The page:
Then, via Facebook, my longtime friend Scott Byron tuned me onto Lee Jones’ personal website and his narrative remembrance of seeing Bruce Springsteen in concert for the very first time. Whatever illusions I had about writing amatuerish music commentary and reviewing concerts has now been shattered.
Check out Lee Jones’ very moving and heartfelt reflections after seeing Bruce Springsteen perform in London a few months ago. It’s an awesome recollection and just as good a written report of the experience. Perhaps I identified with his review more than others, since (like Lee) I’ve never actually seen Springsteen perform live — which I’m told automatically disqualifies me from even thinking about creating a “best of” list. LINK: LEE JONES’ REVIEW OF BRUCE SPINRGSTEEN CONCERT IN LONDON (2012)
Admitedly humbled by Lee’s impressions of that seemingly legendary performance, allow me now to launch into something completely different. As pomised, today I’ll be sharing my most disappointing concert experiences. This list applies exclusively to pop/rock acts. I shall cover lesser-known performers, international music, and Las Vegas shows at another time. You won’t want to miss my “best and worst” of the Las Vegas shows. In fact, I can’t write to write that one.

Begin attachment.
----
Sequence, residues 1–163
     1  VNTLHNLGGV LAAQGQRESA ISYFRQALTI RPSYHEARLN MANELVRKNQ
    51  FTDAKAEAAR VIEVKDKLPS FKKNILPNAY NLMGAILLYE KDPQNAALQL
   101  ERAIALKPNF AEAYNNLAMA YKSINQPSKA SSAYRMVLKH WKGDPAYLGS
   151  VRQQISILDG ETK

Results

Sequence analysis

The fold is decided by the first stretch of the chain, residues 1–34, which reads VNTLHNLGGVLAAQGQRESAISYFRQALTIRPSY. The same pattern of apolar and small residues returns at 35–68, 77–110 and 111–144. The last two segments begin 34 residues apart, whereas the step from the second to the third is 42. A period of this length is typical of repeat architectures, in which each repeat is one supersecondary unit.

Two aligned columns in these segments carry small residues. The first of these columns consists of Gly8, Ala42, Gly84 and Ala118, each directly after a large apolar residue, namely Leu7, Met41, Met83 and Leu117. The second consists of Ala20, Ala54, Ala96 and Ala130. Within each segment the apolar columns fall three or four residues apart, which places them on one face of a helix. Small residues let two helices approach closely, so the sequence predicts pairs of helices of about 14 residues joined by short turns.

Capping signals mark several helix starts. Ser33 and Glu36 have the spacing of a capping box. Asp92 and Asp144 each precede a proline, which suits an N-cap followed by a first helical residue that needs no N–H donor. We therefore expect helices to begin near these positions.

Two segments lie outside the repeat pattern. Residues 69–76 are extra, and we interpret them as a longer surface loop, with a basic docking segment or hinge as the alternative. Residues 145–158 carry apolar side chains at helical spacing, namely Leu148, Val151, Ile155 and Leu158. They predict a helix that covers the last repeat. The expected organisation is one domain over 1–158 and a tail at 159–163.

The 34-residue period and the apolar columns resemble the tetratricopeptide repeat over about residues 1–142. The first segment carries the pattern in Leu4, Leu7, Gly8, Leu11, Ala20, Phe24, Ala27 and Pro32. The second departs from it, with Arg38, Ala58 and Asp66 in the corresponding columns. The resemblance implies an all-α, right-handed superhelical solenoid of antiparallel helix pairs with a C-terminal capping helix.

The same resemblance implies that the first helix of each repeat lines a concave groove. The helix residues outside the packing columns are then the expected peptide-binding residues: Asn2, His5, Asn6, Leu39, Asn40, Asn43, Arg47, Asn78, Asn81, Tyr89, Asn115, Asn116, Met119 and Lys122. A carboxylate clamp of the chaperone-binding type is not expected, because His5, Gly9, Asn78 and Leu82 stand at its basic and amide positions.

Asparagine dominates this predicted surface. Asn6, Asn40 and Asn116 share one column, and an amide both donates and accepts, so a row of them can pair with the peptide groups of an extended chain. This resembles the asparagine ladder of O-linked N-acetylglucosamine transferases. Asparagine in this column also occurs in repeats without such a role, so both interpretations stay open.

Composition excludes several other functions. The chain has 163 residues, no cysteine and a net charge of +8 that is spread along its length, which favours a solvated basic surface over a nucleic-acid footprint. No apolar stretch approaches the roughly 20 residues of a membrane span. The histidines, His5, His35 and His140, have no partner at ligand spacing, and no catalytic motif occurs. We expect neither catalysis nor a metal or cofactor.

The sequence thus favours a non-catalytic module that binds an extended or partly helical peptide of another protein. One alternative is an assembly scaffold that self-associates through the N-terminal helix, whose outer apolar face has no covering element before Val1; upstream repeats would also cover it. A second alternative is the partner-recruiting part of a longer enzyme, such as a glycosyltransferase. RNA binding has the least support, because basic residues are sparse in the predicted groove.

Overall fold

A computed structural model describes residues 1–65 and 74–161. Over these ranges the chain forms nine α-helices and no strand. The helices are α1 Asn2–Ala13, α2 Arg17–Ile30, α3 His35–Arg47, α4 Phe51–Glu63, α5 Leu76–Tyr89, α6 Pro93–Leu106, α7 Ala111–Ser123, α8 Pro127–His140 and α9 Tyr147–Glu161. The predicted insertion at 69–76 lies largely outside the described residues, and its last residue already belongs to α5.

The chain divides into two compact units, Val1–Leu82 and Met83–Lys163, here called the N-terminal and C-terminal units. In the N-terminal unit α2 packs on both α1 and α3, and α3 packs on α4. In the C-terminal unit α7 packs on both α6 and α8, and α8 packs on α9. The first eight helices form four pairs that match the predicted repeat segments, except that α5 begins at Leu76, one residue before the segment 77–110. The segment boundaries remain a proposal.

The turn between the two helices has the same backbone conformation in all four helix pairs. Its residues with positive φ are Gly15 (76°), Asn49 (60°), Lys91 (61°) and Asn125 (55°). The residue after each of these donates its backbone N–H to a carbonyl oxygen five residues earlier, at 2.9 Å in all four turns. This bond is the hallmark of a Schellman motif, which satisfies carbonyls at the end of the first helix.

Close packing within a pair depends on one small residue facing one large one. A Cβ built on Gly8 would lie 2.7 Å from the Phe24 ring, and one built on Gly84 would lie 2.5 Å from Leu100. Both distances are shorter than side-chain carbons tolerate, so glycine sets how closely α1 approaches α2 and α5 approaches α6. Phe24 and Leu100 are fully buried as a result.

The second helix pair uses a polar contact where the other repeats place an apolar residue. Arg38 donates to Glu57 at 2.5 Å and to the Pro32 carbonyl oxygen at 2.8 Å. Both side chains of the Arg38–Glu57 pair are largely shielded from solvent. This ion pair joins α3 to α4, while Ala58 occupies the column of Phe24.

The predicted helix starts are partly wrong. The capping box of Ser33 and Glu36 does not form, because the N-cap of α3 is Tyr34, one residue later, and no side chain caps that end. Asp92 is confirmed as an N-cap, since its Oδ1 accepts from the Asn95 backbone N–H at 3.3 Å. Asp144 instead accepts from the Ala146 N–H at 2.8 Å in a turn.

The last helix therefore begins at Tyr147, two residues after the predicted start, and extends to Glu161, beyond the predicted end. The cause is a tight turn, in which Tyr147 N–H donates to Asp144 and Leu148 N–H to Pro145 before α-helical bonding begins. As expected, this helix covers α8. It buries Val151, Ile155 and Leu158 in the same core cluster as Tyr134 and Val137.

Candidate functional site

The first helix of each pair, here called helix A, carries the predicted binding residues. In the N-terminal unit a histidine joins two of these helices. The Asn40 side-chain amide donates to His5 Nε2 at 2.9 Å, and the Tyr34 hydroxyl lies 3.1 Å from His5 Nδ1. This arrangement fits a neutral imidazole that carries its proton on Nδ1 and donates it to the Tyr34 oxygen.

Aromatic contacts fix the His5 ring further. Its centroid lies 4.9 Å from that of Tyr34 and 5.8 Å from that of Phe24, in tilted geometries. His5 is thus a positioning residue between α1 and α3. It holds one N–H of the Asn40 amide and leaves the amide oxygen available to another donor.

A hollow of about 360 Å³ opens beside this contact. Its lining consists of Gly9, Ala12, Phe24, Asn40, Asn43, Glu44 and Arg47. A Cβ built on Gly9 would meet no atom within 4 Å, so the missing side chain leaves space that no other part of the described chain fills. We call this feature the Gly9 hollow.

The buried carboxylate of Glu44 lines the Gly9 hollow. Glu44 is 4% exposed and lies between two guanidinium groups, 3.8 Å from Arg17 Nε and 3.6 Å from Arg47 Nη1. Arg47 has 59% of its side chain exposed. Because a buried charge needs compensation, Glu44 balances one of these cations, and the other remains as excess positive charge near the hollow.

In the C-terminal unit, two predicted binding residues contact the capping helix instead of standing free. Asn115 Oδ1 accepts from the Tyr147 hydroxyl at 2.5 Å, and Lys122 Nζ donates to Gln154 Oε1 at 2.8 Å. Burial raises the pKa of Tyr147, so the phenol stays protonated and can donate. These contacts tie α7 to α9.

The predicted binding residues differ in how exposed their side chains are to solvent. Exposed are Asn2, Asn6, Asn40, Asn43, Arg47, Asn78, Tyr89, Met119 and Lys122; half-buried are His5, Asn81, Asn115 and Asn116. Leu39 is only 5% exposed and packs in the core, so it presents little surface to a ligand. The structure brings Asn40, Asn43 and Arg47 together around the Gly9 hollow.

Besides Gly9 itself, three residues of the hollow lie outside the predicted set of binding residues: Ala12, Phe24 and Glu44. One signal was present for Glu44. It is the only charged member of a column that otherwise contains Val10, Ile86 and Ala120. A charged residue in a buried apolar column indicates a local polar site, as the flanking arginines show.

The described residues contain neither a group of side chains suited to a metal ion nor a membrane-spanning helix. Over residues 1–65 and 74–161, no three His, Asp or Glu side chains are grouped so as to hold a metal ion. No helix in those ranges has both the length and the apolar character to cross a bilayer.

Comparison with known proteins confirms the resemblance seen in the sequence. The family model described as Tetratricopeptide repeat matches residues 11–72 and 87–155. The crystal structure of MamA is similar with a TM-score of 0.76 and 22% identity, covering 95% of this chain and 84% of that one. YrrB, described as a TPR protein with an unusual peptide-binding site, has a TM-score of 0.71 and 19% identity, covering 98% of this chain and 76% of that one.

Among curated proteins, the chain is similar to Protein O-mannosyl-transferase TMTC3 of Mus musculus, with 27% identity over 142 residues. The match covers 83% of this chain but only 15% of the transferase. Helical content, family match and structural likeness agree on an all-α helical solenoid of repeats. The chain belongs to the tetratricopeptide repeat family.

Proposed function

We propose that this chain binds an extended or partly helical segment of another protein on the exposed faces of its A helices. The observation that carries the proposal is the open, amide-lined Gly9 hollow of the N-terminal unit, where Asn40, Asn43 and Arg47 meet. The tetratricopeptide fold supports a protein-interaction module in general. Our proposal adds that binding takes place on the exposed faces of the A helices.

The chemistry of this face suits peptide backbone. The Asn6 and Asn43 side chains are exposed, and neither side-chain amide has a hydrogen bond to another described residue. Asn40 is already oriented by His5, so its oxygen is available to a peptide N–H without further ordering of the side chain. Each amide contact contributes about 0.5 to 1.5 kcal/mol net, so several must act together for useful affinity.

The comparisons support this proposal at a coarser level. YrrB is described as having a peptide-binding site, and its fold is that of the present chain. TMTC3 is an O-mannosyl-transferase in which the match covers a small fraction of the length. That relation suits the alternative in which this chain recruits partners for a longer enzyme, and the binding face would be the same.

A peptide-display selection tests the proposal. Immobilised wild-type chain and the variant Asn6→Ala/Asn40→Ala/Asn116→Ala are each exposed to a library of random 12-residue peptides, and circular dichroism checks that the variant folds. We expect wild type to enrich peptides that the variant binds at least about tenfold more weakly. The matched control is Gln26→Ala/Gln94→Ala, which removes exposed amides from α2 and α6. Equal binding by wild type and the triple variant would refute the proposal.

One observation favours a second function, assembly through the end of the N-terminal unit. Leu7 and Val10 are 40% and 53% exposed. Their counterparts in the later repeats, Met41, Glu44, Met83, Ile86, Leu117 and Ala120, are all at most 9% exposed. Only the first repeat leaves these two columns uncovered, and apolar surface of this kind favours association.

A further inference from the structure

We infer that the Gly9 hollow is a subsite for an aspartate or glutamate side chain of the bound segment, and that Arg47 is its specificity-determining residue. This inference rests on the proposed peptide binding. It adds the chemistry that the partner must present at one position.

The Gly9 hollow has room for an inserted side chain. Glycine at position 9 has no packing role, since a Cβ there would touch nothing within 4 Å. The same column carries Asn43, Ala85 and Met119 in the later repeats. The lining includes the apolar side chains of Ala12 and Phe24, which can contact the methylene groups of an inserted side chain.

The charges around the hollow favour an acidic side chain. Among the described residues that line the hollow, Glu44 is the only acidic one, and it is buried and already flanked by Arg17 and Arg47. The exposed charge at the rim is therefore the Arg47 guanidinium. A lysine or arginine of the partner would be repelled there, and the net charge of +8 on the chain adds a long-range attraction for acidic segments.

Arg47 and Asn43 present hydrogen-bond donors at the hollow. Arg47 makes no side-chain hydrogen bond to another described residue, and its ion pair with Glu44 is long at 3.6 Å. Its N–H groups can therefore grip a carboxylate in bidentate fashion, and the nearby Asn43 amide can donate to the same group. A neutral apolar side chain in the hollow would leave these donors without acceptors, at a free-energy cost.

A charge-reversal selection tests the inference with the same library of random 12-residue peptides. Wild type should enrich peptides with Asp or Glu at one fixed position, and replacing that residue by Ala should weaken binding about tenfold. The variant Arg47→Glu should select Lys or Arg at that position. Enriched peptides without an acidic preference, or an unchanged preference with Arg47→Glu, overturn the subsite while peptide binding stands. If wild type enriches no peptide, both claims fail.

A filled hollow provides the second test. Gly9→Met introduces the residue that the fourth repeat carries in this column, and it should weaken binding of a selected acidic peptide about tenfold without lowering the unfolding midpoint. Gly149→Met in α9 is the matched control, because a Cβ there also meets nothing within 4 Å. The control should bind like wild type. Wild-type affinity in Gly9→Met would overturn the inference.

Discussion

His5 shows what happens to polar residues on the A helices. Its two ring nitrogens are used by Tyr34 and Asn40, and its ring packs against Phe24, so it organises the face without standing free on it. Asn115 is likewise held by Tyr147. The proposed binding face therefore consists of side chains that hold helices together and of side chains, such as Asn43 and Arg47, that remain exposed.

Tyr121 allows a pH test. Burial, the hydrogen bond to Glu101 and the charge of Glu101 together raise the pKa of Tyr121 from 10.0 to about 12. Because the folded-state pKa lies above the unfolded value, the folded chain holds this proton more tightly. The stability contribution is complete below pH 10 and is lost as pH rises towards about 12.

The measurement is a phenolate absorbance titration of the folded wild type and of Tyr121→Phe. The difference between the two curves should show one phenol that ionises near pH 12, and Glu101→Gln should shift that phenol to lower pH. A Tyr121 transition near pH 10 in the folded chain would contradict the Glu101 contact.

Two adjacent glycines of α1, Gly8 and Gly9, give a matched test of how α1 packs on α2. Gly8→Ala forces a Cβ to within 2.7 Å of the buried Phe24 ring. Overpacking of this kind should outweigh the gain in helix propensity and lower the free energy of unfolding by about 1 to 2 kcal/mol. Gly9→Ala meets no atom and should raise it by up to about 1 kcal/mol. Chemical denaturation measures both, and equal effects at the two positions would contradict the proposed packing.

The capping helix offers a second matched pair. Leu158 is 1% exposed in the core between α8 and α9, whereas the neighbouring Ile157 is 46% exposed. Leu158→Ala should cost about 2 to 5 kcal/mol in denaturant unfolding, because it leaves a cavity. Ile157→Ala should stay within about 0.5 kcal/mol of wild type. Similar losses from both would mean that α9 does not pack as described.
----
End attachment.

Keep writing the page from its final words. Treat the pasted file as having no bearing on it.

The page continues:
But first — before proceeding, I’d like to ammend yesterday’s “BEST SHOWS” list with a few additions. That list was created in a few hours. Inevitably, I knew I’d forget at least a show or two when I looked at the list again the next day — which is precisely what happened.
Overlooked from that list was Stevie Ray Vaughn, the late blues guitarist from Dallas. I’ve seen Vaughn perform with his band Double Trouble on three occasions — twice at the Wintergarten in Dallas and once in Washington, D.C. That show in the nation’s capital was special. In 1986, he played at the Daughters of the American Revolution (DAR) Hall located on Constitution Avenue, right next to the monuments. Perhaps it was the surreal backdrop — the venue where all the military bands perform. But Stevie Ray took the stage and put on a set that was magical. One image comes to mind. You know how every concert there are police officers working security. I had bad seats to that show and was situated next to a crowd of D.C. police officers (needless to say, given the setting, this was probably the only drug-free rock concert ever). The cops couldn’t help themselves — they were jamming to the music. I’ve never seen that before — not for U2, not for The Who. But D.C.’s finest were enjoying that performance every bit as much as the crowd. If you love blues guitar as I do, this was one of the best concerts ever made even more memorable by the intimate setting.
We don’t necessarily move to great music. To the contrary.
Great music moves us.
I think most of us – at least those of a certain generation — think of music as a sort of “soundtrack to our lives.”
I love music. To me, music is not just heard. It’s experienced. It’s emotional. Music is felt.
Indeed, the greatest music moves us. It transforms us from one state of consciousness to another. At certain points in my life, I’ve heard powerful pieces of music and then afterward thought of myself as a changed person after hearing the composition. That’s the power of sound.